“Ohh!” Sayuri jumped into the circle. “Maybe, we can have a competition. Anyone can write a short story or poem and we’ll read them out and vote for what ones we like best.”
There was one voice who grumbled. “Why’s it got to be a competition? Can’t we all just celebrate each…” he trailed off, catching a cold stare from Kaya. “I mean… sure. Fine. Whatever.”
“It’s getting bad,” Kaya said over the radio as Jennifer listened. “Sayuri’s trying to keep everyone occupied, but there’s still a lot of tension down here. The season one Buffy fans are refusing to even talk to the other seasons anymore.”
“You’re… joking, right?” Jennifer had to check. It sounded ridiculous, but she’d seen even more ridiculous arguments on the internet resulting in insults and personal attacks. It couldn’t happen here though. Could it?
She heard the by now too familiar mocking laugh of Sturgeon. “Your friend may be engaged in hyperbole, but I expect she’s not far from the truth. In desperate times humanity’s true nature is exposed, after all.”
Jen peered over, and asked, “what do you mean?”
“You’ve led a very sheltered life haven’t you, Miss Airhart?” He said. Jennifer’s eyes dilated as she was unsure if she’d told him her full name, or how could know that much about her. “Yes, I know who you are. Your father was practically a celebrity within our corporation, and I read all the reports about the incident with Stag Corp. Also I saw how you reacted when you heard about the verbal abuse toward Doctor Sarkis. Pale, sick… but you see I doubt she or anyone else was that surprised or appalled. When it comes down to it, we’re a fearful, tribal species.”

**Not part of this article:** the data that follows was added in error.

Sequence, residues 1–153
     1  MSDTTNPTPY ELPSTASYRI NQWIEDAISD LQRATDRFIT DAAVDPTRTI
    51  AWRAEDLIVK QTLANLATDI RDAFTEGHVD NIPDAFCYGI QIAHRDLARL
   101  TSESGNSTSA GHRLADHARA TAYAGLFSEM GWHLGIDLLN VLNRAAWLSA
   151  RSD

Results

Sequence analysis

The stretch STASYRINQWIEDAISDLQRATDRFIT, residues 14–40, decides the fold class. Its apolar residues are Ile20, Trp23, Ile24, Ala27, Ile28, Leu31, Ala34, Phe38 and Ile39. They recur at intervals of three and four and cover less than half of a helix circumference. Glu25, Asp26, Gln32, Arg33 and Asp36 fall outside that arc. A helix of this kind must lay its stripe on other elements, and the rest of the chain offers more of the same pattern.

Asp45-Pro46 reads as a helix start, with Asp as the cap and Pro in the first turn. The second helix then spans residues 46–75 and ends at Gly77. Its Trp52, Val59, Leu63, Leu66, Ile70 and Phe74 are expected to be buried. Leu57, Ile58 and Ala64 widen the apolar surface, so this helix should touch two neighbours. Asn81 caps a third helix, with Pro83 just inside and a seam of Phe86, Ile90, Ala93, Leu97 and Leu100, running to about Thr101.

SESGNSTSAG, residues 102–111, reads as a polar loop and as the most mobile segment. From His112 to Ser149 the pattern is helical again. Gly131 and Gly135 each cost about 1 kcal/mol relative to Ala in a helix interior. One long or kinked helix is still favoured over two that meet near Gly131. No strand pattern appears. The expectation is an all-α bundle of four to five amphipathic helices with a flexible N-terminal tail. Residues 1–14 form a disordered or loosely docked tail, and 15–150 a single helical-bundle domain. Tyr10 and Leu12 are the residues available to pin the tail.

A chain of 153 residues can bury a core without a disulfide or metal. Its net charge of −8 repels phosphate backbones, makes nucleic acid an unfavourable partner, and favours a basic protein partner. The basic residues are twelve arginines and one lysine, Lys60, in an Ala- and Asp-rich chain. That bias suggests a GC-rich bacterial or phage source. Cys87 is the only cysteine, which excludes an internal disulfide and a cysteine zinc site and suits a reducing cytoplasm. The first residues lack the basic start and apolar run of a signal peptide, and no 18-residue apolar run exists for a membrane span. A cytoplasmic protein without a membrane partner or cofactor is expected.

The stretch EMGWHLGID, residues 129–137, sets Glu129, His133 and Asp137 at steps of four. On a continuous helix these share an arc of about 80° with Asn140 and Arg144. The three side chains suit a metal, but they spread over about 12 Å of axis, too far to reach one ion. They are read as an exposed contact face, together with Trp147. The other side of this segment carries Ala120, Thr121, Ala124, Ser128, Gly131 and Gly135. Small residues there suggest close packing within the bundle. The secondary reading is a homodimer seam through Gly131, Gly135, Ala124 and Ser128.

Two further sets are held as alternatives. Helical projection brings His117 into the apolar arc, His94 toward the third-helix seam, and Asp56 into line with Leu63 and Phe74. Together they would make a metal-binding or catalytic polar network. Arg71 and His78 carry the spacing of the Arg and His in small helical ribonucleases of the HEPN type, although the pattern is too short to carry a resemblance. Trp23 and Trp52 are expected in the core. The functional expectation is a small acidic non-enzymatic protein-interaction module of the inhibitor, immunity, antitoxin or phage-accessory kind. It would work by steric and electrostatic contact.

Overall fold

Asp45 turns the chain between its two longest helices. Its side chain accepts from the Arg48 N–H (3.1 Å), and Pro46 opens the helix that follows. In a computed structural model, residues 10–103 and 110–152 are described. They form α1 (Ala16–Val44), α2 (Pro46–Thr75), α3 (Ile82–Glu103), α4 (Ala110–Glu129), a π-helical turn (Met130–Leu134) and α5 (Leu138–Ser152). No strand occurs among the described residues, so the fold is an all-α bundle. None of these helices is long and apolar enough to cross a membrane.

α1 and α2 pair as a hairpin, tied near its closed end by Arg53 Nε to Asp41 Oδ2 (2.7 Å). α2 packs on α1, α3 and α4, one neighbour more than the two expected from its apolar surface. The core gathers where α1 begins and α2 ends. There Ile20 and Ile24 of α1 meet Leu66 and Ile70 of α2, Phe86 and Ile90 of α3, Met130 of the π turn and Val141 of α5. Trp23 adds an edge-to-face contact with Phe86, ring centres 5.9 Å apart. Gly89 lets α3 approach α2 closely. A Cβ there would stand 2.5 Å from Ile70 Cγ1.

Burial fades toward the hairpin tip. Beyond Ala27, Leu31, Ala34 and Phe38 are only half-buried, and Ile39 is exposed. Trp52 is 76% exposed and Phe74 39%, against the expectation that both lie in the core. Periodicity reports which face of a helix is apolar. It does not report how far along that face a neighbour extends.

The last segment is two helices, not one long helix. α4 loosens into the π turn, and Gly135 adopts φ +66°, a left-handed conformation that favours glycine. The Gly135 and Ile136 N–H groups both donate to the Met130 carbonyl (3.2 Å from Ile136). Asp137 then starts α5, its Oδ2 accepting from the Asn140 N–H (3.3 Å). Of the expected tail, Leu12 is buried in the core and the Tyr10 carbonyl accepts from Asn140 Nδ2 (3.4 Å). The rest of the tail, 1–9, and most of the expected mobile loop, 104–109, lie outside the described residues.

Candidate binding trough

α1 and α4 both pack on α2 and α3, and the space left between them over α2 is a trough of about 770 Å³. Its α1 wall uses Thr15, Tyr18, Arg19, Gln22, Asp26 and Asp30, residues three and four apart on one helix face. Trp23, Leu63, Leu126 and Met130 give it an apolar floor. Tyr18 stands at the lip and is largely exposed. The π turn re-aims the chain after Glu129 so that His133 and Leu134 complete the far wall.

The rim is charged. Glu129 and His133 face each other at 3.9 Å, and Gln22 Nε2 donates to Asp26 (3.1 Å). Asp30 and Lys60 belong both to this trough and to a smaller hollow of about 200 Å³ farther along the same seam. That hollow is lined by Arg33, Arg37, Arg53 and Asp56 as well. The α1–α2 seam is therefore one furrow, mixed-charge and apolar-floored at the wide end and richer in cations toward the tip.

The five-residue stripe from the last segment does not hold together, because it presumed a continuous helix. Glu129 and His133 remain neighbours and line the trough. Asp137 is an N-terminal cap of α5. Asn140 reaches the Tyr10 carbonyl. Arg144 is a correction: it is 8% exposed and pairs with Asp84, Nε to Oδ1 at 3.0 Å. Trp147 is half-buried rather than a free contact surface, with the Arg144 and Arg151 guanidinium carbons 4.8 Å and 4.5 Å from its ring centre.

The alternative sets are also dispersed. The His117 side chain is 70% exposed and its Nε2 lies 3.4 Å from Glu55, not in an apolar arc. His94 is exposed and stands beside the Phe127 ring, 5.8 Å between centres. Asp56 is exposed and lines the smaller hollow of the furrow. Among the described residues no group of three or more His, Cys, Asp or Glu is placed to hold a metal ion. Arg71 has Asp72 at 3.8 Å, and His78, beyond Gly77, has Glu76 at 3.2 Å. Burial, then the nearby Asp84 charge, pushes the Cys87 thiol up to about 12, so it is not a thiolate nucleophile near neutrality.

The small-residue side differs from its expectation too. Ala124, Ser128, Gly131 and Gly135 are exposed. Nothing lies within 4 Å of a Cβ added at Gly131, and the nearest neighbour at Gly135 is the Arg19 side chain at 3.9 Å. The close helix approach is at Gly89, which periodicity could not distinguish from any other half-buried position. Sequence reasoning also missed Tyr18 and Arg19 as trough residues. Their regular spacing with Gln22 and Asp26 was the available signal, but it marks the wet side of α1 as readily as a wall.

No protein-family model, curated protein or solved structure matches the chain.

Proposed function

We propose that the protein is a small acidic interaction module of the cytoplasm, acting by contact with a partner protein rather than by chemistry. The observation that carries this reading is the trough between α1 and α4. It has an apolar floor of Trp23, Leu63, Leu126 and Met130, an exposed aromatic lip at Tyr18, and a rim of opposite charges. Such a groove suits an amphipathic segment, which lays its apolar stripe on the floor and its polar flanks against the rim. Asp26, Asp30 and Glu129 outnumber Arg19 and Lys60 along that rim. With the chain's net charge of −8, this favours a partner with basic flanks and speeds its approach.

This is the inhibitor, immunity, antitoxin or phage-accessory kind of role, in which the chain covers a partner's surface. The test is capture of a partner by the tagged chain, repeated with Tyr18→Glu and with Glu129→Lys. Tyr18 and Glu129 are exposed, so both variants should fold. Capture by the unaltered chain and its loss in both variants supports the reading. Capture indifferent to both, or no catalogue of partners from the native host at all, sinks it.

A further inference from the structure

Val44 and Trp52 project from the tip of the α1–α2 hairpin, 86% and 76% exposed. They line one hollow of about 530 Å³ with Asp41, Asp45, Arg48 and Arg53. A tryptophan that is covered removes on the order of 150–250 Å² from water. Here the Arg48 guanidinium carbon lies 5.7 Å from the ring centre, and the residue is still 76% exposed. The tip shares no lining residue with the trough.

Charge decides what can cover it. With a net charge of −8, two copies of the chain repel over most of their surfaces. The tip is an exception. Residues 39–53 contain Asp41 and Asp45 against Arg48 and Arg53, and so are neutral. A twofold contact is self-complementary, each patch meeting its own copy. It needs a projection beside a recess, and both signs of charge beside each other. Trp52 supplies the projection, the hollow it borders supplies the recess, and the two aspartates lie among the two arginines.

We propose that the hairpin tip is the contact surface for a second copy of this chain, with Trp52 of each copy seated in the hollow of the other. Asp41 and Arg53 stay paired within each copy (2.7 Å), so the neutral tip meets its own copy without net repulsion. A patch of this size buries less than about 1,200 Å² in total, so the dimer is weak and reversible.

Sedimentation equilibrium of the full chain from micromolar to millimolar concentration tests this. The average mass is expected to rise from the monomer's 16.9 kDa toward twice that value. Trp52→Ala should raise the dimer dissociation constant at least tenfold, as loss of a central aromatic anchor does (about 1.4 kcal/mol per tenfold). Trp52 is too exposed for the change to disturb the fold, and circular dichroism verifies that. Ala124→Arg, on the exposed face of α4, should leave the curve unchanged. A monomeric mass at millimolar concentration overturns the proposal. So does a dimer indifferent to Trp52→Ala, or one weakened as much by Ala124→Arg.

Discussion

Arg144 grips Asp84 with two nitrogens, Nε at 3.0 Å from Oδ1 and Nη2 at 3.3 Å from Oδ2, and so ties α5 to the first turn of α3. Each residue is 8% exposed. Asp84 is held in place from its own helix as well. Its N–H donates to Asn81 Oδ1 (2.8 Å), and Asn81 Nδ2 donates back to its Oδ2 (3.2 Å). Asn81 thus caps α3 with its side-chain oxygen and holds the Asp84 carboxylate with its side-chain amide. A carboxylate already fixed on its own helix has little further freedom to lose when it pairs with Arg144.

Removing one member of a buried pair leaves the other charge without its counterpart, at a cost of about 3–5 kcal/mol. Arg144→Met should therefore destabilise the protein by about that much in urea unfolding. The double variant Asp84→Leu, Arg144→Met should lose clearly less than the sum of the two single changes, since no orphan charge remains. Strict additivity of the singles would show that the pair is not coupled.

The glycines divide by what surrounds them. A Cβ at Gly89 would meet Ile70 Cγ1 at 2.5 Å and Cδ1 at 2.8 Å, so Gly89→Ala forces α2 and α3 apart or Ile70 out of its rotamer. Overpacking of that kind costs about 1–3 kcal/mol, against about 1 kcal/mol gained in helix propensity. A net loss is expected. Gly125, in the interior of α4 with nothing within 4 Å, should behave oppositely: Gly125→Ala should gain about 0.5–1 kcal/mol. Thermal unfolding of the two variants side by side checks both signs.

“These people have reason to be afraid,” Jen sighed. “If we can’t reverse what you’ve done, then we’ll all die here.”
“Yes, but how will they die? Monsters? Starvation? Or will they all kill each other? It’s just so ingrained into the human psyche. The desire to hate anything different from themselves. There’s no future where humanity travels to stars, united… the only way that could come about is through the subjugation of all individuality and free will. You can teach people that it’s wrong to hate because of skin, or gender, or sexuality… it doesn’t matter. They’ll just go out find more petty divisions and stupid things to fight about.”